Rugby is a rough and tumble game, and brothers Josh and Matt Denny wouldn’t want it any other way.
“The comradery is the best out of all the sports that I’ve ever played. The respect for the other team, like everybody helps each other. After every game you have a meal with the other team and get to know them,” said Josh. “And it’s fun to hit people.”
“I like to play rugby because it’s more constant. It’s just going and going and going and going. There are no breaks in rugby,” said Matt.
Josh, a junior at Southwest High School, started playing rugby his freshman year after not being able to play football due to a torn ACL.
“I was watching TV and just flipping channels and the rugby game was on. And it just so happens that one of my dad’s friends coached this team, the Leprechauns, and it’s all history from there,” said Josh.
Josh missed a season of play due to injuries sustained in a car accident.
“I had to work really hard to come back from that,” said Josh. “That was terrible.”
Josh plays the hooker position, which is a forward, for the Green Bay area high school club team, and played for Badger Selects in a tournament in the Nashville Rugby National Tournament March 10-11.
“Getting on the selects team is a really good opportunity,” said Josh. “We get (college) scouts from everywhere.” He plans to play rugby in college, possibly at UW-Whitewater, Lindenwood University, or UW-Stout.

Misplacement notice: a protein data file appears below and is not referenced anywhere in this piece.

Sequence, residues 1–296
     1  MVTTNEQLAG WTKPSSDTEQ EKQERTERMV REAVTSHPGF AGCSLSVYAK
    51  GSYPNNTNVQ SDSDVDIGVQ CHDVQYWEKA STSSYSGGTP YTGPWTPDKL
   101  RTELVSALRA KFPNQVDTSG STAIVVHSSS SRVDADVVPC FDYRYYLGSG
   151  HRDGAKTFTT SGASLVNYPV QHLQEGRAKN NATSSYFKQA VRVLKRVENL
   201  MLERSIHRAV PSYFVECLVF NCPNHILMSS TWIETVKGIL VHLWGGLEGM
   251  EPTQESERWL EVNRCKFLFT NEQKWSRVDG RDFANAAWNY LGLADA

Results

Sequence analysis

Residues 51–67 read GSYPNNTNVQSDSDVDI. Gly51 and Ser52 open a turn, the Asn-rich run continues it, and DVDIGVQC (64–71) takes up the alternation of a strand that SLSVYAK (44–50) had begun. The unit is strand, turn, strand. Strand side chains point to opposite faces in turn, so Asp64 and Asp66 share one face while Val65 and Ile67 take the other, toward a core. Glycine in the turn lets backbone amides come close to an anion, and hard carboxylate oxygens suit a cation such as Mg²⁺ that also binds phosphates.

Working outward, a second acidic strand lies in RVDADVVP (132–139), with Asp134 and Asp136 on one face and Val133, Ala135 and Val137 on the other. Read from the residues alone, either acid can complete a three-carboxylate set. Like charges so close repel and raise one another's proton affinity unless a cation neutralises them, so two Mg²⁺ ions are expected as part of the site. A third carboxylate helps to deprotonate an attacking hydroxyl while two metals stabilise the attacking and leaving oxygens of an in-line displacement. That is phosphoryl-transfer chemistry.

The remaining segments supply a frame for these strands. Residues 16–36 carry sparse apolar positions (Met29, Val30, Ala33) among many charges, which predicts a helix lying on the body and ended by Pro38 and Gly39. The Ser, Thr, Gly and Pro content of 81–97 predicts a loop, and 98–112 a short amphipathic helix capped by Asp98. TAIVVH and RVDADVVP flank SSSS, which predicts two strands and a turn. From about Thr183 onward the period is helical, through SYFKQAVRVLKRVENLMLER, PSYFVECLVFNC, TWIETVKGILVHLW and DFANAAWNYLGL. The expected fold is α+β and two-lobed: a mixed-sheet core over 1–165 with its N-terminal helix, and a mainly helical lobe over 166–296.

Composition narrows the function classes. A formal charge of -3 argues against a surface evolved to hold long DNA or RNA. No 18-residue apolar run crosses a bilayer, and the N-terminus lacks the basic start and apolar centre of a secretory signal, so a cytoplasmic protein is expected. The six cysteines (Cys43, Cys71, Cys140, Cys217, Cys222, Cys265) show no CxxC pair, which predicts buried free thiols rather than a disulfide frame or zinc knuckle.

Josh says the key to playing rugby is mental toughness.
“You have to keep going when you think you can’t go anymore. If you’re running laps and you think you can’t go anymore, you have to go that extra step, you got to eat right, you got to work out right, you really have to put all your time into it,” he said.
Eighteen-year-old Matt plays the scrum-half position, which is like a quarterback.
“I like running a lot, the scrum-half runs a lot during rugby, so I like running and how fast it got me,” he said.
Matt will play for the men’s team Green Bay Celtics this summer. He plans on going to NWTC in the fall.
Their mother Jean Denny was a little worried about her sons playing this contact sport.
“It’s scary at first because there is no padding, but there’s such respect among the players that they don’t take cheap shots, and I’ve seen less injuries playing ruby than I have with say football or other sports,” she said. It’s just such a tight knit family community, and they are always encouraging. The men will always come to help with the youth and the high school, it’s amazing.”